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The Honolulu Advertiser
Posted on: Tuesday, November 12, 2002

Hawai'i falls to No. 14 in national health ranking

 •  Table: Hawai'i's health ranking by category

By Robbie Dingeman
Advertiser Health Writer

Hawai'i is still a healthier state to live in than most — ranked 14 out of 50 this year — but that national ranking by a nonprofit foundation is the lowest the state has received in 13 years of the annual report.

Source: State of Hawai'i
The rankings released yesterday come from a yearly analysis done by Minneapolis-based United Health Foundation on the relative healthiness of the American population. The foundation joins with the American Public Health Association and Partnership for Prevention each year to issue the report.

The report considers at a variety of factors — including traditional health measures — such as deaths from heart disease and cancer, infant mortality and lack of health insurance.

But the report also looks at less common measures such as motor-vehicle deaths, violent crime rates, children living in poverty and high school graduation rates.

State Health Director Bruce Anderson said it's clear that the state is slipping on some key areas. "The areas that were doing poorly in are motor-vehicle deaths, high school graduation rates, children in poverty in support for public health."

Smoking is another area where the numbers went the wrong direction this year. Back in 1990, 27.6 percent of the population smoked cigarettes. By last year, that dropped to 19.7 percent, but this year it increased to 20.5 percent of the population.

Anderson cautioned that most of the data is at least a year old, so smoking-prevention ads and new limits on smoking in restaurants are not reflected. But he said the survey is a helpful tool at measuring health trends.

Since 1990, the state has ranked third in the nation three times —1991, 1992 and 1996. In 1999, the rating dipped to 11, surged back up to 4 the next year and back to 11 last year.

According to this year's report, the top three states are New Hampshire, Minnesota and Massachusetts. The bottom three were South Carolina, Mississippi and Louisiana. Overall, the report says all 50 states have shown improvement over the last 12 years.

The report gave some good news and bad news in the health report card, citing Hawai'i's "strengths are number one ranks for a low rate of heart disease and cancer deaths and low total mortality or the number of deaths per 100,000 people from all causes.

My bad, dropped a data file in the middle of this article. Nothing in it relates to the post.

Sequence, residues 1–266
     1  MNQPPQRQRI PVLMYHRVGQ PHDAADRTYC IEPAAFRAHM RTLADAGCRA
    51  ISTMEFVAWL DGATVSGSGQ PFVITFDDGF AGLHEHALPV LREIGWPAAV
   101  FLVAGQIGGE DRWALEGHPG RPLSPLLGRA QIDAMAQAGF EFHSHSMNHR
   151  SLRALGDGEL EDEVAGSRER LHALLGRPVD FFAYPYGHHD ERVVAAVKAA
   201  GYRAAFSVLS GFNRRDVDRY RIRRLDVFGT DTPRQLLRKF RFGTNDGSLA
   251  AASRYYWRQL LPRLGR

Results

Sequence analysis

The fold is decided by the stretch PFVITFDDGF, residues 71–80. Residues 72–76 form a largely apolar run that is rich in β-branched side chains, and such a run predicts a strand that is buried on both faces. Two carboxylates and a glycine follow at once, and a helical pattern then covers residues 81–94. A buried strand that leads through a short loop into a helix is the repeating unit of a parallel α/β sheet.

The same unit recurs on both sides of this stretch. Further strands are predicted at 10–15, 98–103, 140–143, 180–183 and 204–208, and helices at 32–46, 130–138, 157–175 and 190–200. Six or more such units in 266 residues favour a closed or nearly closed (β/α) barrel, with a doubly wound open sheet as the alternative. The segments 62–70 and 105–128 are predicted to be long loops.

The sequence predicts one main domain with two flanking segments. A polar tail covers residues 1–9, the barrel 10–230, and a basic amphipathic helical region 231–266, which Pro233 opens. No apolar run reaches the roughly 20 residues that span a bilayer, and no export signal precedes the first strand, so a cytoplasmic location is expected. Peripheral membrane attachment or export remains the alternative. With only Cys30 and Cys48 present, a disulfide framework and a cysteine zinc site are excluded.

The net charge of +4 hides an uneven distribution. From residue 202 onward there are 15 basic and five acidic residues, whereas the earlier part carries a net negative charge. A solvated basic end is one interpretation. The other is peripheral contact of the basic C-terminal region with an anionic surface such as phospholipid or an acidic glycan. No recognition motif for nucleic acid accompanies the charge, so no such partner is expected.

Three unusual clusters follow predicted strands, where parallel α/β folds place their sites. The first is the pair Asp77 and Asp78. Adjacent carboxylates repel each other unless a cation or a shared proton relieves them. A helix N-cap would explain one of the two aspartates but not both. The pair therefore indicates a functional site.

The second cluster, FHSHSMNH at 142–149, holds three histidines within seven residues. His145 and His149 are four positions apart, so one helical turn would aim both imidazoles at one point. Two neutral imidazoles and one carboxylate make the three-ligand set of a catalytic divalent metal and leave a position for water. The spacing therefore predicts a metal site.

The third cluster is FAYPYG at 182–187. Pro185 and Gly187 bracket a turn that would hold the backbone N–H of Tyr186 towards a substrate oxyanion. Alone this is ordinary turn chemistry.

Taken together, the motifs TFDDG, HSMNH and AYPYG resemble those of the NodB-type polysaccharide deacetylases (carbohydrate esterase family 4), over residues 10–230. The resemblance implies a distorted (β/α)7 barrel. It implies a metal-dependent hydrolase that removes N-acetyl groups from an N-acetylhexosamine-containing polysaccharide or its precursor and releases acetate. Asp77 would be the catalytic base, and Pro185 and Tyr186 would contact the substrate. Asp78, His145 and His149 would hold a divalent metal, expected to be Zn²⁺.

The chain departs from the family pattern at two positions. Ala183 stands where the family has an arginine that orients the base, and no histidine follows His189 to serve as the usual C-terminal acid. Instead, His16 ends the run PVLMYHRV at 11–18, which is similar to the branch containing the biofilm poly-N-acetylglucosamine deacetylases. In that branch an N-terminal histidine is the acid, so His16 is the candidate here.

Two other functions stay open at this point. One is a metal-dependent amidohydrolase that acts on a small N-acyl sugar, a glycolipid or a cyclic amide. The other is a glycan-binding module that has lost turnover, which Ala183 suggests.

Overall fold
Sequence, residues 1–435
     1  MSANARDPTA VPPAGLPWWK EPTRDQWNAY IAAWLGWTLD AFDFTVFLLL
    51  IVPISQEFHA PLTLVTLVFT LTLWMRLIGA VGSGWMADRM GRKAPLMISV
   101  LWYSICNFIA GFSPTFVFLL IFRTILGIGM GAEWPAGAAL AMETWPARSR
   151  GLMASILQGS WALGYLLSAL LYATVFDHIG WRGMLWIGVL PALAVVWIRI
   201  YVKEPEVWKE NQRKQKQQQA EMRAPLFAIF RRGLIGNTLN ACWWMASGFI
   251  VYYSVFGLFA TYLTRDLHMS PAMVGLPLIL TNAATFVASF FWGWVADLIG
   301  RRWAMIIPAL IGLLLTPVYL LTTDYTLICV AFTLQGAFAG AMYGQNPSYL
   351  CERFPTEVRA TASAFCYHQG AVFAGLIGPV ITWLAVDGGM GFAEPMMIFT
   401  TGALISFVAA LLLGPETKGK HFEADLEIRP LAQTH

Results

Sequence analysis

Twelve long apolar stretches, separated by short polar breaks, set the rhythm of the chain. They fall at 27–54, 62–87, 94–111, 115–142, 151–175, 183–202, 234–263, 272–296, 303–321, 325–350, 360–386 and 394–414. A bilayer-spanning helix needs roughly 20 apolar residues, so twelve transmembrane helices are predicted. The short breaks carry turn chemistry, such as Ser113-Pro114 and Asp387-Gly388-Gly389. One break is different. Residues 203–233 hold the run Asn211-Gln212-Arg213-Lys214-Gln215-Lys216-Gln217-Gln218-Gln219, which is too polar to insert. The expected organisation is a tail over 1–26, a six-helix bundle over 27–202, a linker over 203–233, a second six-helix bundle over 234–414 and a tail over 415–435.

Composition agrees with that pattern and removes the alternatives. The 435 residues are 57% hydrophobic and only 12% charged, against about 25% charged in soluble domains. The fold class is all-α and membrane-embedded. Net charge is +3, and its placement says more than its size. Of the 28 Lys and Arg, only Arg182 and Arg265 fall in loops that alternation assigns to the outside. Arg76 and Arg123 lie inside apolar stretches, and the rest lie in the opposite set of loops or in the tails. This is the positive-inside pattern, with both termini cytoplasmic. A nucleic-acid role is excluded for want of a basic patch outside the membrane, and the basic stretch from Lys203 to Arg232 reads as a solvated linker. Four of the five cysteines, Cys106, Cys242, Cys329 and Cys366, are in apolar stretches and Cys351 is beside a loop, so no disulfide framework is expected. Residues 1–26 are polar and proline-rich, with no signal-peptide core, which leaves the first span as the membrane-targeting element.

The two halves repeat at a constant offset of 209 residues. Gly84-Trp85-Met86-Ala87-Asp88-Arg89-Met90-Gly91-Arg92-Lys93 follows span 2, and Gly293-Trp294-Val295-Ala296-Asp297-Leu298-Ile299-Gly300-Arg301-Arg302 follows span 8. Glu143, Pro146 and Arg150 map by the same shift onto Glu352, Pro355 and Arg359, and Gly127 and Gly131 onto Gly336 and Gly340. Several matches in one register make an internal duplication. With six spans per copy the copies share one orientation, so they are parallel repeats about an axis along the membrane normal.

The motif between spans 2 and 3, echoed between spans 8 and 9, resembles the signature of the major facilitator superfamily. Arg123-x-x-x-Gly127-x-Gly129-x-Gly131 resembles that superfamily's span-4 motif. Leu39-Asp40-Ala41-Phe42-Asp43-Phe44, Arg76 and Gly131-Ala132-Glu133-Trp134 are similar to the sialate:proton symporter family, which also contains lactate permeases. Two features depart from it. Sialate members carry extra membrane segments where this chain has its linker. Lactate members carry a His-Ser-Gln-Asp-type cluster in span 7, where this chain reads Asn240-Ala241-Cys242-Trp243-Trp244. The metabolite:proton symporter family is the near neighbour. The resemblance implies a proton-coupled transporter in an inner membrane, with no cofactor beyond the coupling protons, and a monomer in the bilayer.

Anderson said he was pleased by the overall rank from the comprehensive health survey and by the No. 1 ranking for low rates of heart disease, cancer and total mortality. He said one of the reasons for this is the high-quality care provided by physicians and other health care professionals in the state.

Anderson said he's disappointed but not surprised that the state public healthcare ranking is declining because Hawai'i has been spending the same amount for the last decade. "Other states are doing better than we are at improving the health status of their communities. I think this is a real wake-up call for health policy makers to focus on areas where we can make significant improvements."

Over the 13 years of the survey, high school graduation rates dropped sharply from 84.5 percent in 1990 to 64.2 percent in this year's survey, which was better than the 59.7 percent tracked last year. However, that measure was for ninth-graders who graduated within four years. Census figures show that many more people than that eventually graduate from high school in Hawai'i. Census figures showed that in 1991 91.8 percent of the population in Hawai'i has graduated from high school, which was one of the best rates in the nation.

Why are high school graduation rates factored in? The survey said that such graduation data provides "an indication of the consumer's ability to learn about, create and maintain a healthy lifestyle and to understand and access health care when required."

Reach Robbie Dingeman at rdingeman@honoluluadvertiser.com or 535-2429.

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